clock menu more-arrow no yes

Filed under:

Early offense catapults Royals to eventful 11-5 victory over Rangers

New, 15 comments

Great offense by the Royals!

Nicky Lopez #1 of the Kansas City Royals celebrates his first Major League hit for a single in the seventh inning as first base coach Mitch Maier looks on during the game against the Texas Rangers at Kauffman Stadium on May 14, 2019 in Kansas City, Missou
Nicky Lopez #1 of the Kansas City Royals celebrates his first Major League hit for a single in the seventh inning as first base coach Mitch Maier looks on during the game against the Texas Rangers at Kauffman Stadium on May 14, 2019 in Kansas City, Missouri.
Photo by John Sleezer/Getty Images

Ok, fine. You saw the title. You know that the Kansas City Royals defeated the Texas Rangers 11-5. But some of you are primarily reading this in order to discover how Nicky Lopez’s debut went. I get it.

The short answer: pretty good! The longer answer: Lopez played in the bigs pretty much exactly how he played in the minors. In his first plate appearance in the first inning, Lopez got behind on an 0-2 count but—shocker—did not strike out. Instead, he hit a fly ball that moved Whit Merrifield from second base to third base. Lopez would make a couple outs before he got on base in his fourth plate appearance via a walk. And in his fifth plate appearance, Lopez accrued his first big league hit and RBI with this nice opposite-field knock:

But this game was far more than Nicky Lopez, because an 11-5 game naturally involves a bunch of people. Indeed, the Royals (and Rangers) accomplished quite a lot.

Most of the action occurred within the first three innings. Kansas City got on the board first via doubles by Merrifield, Alex Gordon, and Hunter Dozier and a single by Jorge Soler. 3-0, Kansas City.

Then, in the second inning, the Royals really turned it on. By both definitions, the Royals batted around. Martin Maldonado walked, and Billy Hamilton literally and metaphorically followed in his footsteps with a walk of his own. At this point, it was crystal clear that Rangers starter Shelby Miller, who entered the game with an ERA north of 7, was struggling. A mound visit reinforced that notion but did absolutely nothing to correct his performance.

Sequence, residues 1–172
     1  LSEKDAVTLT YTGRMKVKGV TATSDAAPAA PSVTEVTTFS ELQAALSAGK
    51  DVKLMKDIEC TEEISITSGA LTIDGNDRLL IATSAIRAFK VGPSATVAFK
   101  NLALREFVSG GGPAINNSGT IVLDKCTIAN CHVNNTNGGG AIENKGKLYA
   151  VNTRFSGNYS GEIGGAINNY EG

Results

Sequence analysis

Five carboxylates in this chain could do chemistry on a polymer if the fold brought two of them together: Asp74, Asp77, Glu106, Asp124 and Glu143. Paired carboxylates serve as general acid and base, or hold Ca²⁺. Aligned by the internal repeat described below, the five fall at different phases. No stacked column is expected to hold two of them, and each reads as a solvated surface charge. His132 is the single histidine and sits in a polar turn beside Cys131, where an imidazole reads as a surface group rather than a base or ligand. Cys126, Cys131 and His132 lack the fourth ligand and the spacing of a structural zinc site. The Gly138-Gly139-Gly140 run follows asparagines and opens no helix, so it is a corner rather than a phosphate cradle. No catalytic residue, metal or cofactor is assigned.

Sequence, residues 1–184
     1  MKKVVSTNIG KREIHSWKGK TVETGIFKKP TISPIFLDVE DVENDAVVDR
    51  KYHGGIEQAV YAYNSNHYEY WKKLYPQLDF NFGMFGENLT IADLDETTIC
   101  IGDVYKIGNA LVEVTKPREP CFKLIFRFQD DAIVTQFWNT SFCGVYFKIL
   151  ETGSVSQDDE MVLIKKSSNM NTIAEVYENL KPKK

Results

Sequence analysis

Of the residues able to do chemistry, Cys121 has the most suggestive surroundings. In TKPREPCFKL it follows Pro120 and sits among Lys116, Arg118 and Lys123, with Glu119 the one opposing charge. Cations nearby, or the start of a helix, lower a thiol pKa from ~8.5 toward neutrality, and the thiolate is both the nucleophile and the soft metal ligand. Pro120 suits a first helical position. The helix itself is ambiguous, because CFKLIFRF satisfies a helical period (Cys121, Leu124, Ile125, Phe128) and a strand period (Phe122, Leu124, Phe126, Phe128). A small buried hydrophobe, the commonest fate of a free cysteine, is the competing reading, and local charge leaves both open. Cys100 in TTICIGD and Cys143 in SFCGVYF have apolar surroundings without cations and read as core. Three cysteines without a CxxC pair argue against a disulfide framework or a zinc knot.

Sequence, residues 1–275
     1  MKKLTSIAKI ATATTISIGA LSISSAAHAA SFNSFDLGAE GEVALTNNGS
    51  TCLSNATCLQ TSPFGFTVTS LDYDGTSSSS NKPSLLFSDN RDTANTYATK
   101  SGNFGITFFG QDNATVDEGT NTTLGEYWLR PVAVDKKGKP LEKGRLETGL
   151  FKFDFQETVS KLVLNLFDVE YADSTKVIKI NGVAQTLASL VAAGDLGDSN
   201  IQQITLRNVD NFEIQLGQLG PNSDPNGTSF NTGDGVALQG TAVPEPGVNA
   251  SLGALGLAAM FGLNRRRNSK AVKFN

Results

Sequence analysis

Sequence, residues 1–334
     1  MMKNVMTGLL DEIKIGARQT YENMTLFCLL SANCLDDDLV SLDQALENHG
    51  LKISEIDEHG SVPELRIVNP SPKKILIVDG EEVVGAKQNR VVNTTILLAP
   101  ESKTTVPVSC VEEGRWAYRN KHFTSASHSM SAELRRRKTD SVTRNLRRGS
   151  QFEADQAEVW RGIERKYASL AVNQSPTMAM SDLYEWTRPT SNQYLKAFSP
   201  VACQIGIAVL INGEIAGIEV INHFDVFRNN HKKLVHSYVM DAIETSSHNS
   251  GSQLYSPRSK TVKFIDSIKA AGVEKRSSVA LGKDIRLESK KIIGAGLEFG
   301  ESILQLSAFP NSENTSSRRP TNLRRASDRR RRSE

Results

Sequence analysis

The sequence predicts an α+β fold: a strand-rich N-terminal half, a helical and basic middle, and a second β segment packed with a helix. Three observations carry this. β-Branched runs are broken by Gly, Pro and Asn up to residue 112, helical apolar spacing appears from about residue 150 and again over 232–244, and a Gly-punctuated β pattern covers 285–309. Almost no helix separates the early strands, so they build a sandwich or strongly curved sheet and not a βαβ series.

It’s probably easier to mention the players that made an out. Lopez hit into a fielder’s choice for the first out. Gordon also hit into a fielder’s choice for a second out. Billy Hamilton made the third out with—you guessed it—another fielder’s choice. Everyone around them, though? Hits. Hits everywhere. By the end of the third, the Royals led 9-0, a commanding and insurmountable lead for the woeful Rangers to overcome.

Unfortunately, Danny Duffy’s tepid third inning and a rare, I-lost-the-ball-in-the-clouds misplay by Gordon gifted the Rangers two runs on top of the two they scored legitimately. All told, though, Duffy was effective if not efficient, gutting through five innings and striking out six against one walk.

Perhaps if this game was played in the first few weeks of the season the Royals might have lost. Richard Lovelady gave up two quick hits in the top of the sixth inning in relief of Duffy, placing runners on second and third with none out. But the early Royals didn’t have Scott Barlow, who Ned Yost is using like an all-powerful fireman. Indeed, Barlow coaxed two popouts and then won a long battle against Shin-Soo Choo, striking him out and stranding Roughned Odor and Isiah Kiner-Falefa. Barlow then tossed another scoreless inning because, well, why not?

In the eighth inning, Merrifield notched his 500th career hit, a fantastic achievement for the fan favorite. Merrifield isn’t quite as good as peak Ben Zobrist, but the parallels between the two are uncanny, and that means nothing but good things for Royals fans.

Enjoy this one. It was a blast. The Royals begin the Lopez Era 1-0.